ACP shares an inspiring story of a Navy veteran’s military transition and the things she’s overcome. The first of March marks the commencement of Women’s History Month. It’s a month to reflect on the resilience of women everywhere, including women who served in the military. G.I. Jobs Magazine reflected on the stories of incredible women veterans in the March 2021 issue.
It wasn’t until 1948 that American women were granted the right to enlist. Before that time, women joined in the fight for freedom in different ways. They acted as military nurses and rose to the occasion on home soil when male soldiers were called to duty.
As of a 2018 report, almost 20% of US military members identify as women. And, their courage is unparalleled both in and out of service.
Adjusting To The Military Transition
When the time comes to leave active service, getting out of the military can be daunting. It might feel like you’re adrift in the ocean with neither a compass nor land in sight. That’s how transitioning Navy LTJG Logan Ballard feels as she approaches her transition.
Ballard serves as an intelligence officer, but is facing medical separation due to a back injury. Suddenly, Ballard faces an adjustment not only from the military transition but also to a body that now operated differently.
How ACP's Veteran Mentoring Program Helped Ballard
In December 2020, Ballard signed up for ACP’s Veteran Mentoring Program, a free, yearlong mentorship designed to ease the burdens of transition. She was paired with Ila Eckhoff, a five-time ACP mentor who has built a successful career in the finance industry and is an outspoken advocate for rights of the disabled, having been born with cerebral palsy.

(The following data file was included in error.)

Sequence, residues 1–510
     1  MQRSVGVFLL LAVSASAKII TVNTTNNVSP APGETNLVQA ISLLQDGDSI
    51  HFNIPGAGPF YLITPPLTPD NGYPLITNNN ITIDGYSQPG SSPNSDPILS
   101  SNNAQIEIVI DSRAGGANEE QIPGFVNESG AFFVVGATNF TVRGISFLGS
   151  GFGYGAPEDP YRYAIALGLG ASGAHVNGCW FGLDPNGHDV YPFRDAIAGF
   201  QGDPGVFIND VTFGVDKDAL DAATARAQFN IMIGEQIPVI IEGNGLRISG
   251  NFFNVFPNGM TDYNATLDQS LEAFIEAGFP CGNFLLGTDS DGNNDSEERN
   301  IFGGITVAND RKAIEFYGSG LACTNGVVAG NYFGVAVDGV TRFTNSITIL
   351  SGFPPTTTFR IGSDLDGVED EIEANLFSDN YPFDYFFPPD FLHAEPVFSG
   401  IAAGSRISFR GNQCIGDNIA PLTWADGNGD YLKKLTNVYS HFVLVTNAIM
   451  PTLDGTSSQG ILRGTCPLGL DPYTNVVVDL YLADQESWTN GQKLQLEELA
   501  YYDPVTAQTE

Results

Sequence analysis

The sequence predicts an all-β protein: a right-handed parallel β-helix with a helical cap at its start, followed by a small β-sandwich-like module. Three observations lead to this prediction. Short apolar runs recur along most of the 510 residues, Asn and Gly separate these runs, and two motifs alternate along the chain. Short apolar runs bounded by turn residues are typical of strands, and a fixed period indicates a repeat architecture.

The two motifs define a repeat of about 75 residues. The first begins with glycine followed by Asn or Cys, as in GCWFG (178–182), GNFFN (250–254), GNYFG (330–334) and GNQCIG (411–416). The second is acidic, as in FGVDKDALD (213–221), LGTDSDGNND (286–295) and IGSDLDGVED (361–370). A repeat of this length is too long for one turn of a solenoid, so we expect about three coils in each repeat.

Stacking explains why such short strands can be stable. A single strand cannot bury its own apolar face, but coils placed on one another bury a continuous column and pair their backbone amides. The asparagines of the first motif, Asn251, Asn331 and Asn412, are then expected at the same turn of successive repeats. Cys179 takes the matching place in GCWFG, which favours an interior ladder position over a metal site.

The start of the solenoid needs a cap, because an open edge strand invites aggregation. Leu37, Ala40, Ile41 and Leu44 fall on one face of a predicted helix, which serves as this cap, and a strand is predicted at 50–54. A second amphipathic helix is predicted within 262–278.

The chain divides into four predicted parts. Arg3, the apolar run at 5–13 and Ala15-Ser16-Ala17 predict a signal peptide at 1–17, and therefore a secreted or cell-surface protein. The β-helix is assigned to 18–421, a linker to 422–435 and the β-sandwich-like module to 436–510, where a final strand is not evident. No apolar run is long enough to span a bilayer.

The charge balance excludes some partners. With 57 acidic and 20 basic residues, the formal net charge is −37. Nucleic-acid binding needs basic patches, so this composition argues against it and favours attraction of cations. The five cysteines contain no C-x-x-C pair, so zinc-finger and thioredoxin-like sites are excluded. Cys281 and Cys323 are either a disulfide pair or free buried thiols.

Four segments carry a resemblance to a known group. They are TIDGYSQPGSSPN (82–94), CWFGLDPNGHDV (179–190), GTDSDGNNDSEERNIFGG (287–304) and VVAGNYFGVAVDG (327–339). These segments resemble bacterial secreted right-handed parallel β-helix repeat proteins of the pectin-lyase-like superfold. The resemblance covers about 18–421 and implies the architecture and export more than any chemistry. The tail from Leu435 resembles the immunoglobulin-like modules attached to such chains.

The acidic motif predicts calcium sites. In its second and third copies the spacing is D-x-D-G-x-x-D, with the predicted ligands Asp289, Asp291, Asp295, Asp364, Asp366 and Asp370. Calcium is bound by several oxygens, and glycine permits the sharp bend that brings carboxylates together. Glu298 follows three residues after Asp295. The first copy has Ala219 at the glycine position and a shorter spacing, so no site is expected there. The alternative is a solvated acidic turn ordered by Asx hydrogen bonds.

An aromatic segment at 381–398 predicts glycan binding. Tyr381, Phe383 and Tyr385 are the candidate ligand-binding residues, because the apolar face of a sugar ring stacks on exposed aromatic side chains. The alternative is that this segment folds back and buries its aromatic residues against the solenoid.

Despite working in different industries, the two became fast friends, utilizing mentorship to reframe Ballard’s view of herself personally and professionally. In a moment of reflection Ballard expressed, “My thoughts used to be consumed by all the things I could no longer do. But Ila taught me that my disability does not alter my drive, dedication or power. Once I changed my mindset and accepted that my disability is a part of who I am, everything fell into place.” In Ila, Ballard found a mentor who understood the challenges and frustrations of having a disability, who also taught her to recognize the empowerment that comes with having one.
How To Sign Up For the ACP Mentorship Program
For the military community, Women’s History Month is a time to honor veterans like Ballard. It’s a time to honor people who exhibit tenacity in the face of huge life changes and challenges–a reality for so many veterans.
Ballard serves as an inspiration for women who feel overwhelmed as transition approaches but still put their best foot forward. If you feel the same way, sign up for an ACP Mentorship today at acp-usa.org.